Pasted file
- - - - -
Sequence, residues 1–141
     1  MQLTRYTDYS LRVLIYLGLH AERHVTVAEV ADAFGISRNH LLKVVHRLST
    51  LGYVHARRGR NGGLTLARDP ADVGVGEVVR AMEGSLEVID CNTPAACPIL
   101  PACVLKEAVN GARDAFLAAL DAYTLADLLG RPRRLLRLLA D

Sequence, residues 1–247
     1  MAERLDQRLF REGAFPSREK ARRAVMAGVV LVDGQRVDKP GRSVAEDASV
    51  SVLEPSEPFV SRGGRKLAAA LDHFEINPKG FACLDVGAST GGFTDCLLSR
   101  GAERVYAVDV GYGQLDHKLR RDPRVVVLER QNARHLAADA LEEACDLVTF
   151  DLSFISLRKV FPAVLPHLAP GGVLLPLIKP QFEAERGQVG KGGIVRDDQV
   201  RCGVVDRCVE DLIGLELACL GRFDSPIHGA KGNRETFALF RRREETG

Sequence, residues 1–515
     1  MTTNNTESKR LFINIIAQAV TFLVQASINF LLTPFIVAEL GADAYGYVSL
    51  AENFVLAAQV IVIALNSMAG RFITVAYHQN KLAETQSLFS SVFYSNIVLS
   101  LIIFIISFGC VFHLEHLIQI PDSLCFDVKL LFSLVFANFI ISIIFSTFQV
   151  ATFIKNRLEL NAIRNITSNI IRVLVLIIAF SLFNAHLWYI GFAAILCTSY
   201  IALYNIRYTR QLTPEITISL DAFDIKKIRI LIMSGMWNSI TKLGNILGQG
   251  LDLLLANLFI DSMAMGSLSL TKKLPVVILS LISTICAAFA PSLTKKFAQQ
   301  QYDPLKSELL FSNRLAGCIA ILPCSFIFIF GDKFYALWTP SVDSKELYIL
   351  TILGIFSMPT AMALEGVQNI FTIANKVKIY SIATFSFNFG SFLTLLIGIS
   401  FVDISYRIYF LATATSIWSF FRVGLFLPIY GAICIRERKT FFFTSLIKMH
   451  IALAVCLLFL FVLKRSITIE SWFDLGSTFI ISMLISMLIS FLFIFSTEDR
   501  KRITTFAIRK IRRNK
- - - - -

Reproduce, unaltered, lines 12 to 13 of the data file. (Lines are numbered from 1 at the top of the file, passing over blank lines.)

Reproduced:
     1  MTTNNTESKR LFINIIAQAV TFLVQASINF LLTPFIVAEL GADAYGYVSL
    51  AENFVLAAQV IVIALNSMAG RFITVAYHQN KLAETQSLFS SVFYSNIVLS